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Timothy W. Gonteski, As Administrator Ad Prosequendum of the Estate of v. Emergency Physician Associates

August 24, 2011


On appeal from the Superior Court of New Jersey, Law Division, Burlington County, Docket No. L-1104-03.

Per curiam.


Argued March 30, 2011

Before Judges Axelrad, Lihotz and J. N. Harris.

Plaintiff Timothy Gonteski, who is the Administrator Ad Prosequendum of the Estate of Cheryl Gonteski, his deceased wife (decedent), filed this wrongful death action against defendant Emergency Physician Associates of South Jersey, P.C. (EPA) and others. Decedent sought treatment from a hospital emergency room (ER) operated by EPA. She was treated and released. Shortly thereafter she died.

Prior to trial, plaintiff settled his claims with the attending ER physician, Tarun Ganguly, D.O., who was employed by EPA, and other defendants, leaving EPA as the sole remaining defendant. Plaintiff called Dr. Ganguly as a witness and introduced the settlement agreement he executed, which admitted his negligence in failing to diagnose decedent's condition. On cross-examination, Dr. Ganguly was permitted to retract any belief that he had been negligent and explain why he executed the settlement that stated as such. The jury returned a verdict of no cause of action. Plaintiff appeals from the final order memorializing the verdict and the order denying his motion for a new trial.

Plaintiff argues Dr. Ganguly's stipulation addressing the issues of negligence and causation binds his employer, EPA, and EPA should have been barred from contesting that fact. In the alternative, plaintiff contends the court erred in allowing Dr. Ganguly's testimony that conflicted with and repudiated the written settlement. Finally, plaintiff challenges the form of the verdict sheet submitted to the jury.

We have reviewed the arguments presented on appeal in light of the record and the applicable law. We affirm.

These facts are found in the trial record. On April 19, 2001, decedent, who was age thirty, visited the Rancocas Hospital Emergency Room complaining of a severe headache. Decedent was attended to by Dr. Ganguly. Decedent told Dr. Ganguly she had experienced a headache, nausea, and neck pain for approximately six months and the symptoms had worsened on the day she sought treatment. She had been taking Flonase and Advil, which did not abate the pain, and expressed she had not experienced vomiting, fever, chills, or upper respiratory infection symptoms.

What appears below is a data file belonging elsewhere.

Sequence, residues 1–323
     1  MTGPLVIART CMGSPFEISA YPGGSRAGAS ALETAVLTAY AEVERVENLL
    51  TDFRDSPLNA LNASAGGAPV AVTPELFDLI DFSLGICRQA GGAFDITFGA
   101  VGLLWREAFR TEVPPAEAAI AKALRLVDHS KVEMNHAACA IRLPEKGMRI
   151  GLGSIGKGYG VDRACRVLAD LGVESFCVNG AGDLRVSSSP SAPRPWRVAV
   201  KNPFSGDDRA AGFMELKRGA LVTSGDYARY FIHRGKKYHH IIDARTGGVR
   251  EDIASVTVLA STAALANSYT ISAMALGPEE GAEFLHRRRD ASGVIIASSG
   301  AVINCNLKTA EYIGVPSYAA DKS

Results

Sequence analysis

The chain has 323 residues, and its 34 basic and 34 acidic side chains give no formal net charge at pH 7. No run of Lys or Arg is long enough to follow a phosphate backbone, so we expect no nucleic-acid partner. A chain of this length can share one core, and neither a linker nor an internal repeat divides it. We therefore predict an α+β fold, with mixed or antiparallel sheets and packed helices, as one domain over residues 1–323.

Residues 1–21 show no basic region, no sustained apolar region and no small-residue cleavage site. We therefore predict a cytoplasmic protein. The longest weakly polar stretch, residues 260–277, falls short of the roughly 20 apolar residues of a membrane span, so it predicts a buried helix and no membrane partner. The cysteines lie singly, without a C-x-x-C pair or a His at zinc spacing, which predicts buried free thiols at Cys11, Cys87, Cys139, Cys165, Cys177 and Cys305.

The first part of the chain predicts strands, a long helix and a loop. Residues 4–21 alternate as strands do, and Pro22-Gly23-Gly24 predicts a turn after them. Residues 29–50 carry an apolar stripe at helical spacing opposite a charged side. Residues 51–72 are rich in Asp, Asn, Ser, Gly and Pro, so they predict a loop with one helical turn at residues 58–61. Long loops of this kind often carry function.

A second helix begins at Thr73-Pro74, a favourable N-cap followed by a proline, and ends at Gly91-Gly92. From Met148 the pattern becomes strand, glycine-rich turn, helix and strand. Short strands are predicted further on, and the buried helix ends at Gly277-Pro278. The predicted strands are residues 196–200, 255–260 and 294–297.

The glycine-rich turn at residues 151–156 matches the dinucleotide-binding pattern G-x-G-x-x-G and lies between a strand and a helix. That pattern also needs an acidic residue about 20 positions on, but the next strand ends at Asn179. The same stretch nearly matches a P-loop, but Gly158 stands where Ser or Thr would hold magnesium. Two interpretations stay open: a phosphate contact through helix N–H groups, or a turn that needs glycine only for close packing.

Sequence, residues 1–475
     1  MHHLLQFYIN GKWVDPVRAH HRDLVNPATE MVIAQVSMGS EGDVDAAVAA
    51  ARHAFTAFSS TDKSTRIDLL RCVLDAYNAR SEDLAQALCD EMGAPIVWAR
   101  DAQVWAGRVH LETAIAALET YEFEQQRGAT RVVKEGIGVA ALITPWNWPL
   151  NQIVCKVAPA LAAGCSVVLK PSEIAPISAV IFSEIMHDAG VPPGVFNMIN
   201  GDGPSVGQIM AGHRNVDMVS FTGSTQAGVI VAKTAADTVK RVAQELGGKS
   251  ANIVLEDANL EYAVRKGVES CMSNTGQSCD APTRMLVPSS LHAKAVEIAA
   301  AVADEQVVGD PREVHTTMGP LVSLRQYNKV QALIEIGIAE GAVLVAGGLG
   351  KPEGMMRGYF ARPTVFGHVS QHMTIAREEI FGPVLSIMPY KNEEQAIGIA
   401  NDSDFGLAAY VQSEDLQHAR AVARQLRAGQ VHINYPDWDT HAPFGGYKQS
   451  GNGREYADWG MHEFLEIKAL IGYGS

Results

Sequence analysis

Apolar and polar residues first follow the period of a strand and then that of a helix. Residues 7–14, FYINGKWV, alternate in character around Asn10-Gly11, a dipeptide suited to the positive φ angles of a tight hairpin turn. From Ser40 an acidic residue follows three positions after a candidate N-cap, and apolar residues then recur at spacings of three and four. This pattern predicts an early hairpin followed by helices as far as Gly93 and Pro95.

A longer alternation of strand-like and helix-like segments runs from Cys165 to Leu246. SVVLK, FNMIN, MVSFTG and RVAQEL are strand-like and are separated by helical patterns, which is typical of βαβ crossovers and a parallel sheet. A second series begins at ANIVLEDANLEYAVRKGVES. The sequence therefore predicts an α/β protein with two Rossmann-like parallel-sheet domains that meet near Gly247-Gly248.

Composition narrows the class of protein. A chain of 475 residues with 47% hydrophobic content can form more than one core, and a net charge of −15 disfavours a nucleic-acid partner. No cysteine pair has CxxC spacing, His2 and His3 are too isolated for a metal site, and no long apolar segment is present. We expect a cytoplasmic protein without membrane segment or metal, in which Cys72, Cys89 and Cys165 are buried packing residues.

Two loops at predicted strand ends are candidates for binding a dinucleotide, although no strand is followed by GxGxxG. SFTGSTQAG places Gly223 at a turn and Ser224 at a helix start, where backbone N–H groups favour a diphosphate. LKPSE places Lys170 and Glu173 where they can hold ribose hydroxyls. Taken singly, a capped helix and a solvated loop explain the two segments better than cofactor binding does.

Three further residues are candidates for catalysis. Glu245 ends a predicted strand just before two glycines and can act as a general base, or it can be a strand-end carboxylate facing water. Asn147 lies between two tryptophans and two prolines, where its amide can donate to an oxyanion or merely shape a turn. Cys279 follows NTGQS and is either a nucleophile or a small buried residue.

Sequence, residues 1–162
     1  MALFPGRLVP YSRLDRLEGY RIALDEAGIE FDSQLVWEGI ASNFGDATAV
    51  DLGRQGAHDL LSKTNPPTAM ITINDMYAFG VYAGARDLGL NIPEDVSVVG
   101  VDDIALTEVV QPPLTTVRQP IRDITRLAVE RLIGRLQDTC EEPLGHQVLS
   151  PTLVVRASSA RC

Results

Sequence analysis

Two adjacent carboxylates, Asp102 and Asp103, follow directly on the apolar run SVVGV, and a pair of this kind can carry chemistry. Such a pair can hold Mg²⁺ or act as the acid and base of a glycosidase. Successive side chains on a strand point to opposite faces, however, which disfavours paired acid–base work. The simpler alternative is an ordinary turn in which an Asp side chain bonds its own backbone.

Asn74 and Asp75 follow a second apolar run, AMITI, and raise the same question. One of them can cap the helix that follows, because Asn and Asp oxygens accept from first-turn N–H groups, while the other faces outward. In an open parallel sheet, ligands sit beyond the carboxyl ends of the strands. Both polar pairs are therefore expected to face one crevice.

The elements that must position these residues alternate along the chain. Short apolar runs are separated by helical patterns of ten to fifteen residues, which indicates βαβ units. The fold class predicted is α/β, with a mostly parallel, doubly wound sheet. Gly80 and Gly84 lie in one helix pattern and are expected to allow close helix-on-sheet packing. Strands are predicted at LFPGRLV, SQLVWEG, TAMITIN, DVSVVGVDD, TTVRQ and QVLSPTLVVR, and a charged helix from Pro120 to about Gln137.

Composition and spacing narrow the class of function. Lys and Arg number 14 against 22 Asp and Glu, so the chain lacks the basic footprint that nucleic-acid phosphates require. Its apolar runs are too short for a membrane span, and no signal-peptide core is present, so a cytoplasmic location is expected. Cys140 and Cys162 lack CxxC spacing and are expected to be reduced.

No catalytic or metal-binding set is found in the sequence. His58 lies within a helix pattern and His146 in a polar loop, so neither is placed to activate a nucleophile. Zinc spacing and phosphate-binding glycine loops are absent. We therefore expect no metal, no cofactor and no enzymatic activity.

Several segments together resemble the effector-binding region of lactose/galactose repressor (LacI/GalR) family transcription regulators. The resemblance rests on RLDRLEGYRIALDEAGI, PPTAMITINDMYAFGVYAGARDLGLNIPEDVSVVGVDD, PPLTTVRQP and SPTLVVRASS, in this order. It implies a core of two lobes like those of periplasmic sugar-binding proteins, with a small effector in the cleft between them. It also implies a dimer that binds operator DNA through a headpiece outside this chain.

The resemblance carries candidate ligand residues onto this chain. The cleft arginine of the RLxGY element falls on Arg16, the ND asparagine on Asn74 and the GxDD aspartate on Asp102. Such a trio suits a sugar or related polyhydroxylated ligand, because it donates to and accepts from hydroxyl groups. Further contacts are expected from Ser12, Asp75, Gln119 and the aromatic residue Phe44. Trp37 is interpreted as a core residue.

Dr. Ganguly performed a "head to toe" examination of decedent. He noted her eyes were equally round and reactive to light, her heart had a regular rate and rhythm, and her lungs were normal. Next, Dr. Ganguly performed a neurological examination, testing decedent's pupils, cranial nerves, her grip strength and ability to walk, smile, frown, and shrug her shoulders. All of decedent's test results were "[w]ithin normal limits."

Dr. Ganguly did not believe a CT scan was necessary, stating: "I didn't feel that it was necessary, based on my physical examination, based on her symptoms, based on the nonneurologic finding, and based on how she responded to my treatment." Dr. Ganguly's impression of decedent's symptoms was

She had a headache that was pretty benign.

I wanted to do some testing to make sure there [wa]s no acute infectious process going on. So I ordered some blood work .; that was my first priority, first differential was migraine, because it's the most common cause of headaches. So I gave her some medication to treat [] her migraines, and [gave] her some fluids for the possibility of [de]hydration causing headaches.

After medications were administered (Reglan and Toradol), decedent reported she was feeling better. As Dr. Ganguly observed decedent, she appeared awake, alert and oriented; therefore, he ordered her discharge. Defendant did not return to the emergency room or see her family physician.

On April 23, 2001, decedent began employment at a local delicatessen working with Donna Endicott, her husband's cousin. About an hour after Endicott began training, decedent complained of a headache, despite the fact that she had taken medicine. Five minutes later, decedent told Endicott she could not see. Endicott took her to the back room to allow her to sit down. Shortly thereafter, decedent became unresponsive and began vomiting.

Decedent was transported by ambulance to Rancocas Hospital and then to Thomas Jefferson University Hospital where an MRI of her brain revealed she suffered a bleeding in her brain which leaked into the subarachnoid space through the ventricle, destroying brain tissue and causing destructive changes in her brain functioning. Decedent's condition failed to improve and she passed away on May 3, 2001.

Plaintiff's initial action named ten defendants, many of whom were dismissed or settled plaintiff's claims. By 2009, the only defendants remaining were EPA and Dr. Ganguly. On May 11, 2009, plaintiff and Dr. Ganguly stipulated to the terms of settlement, which provided in pertinent part:

1. Plaintiff has been offered $675,000.00 in partial settlement of plaintiff's claim against [Dr. Ganguly] and such offer shall remain open until ...

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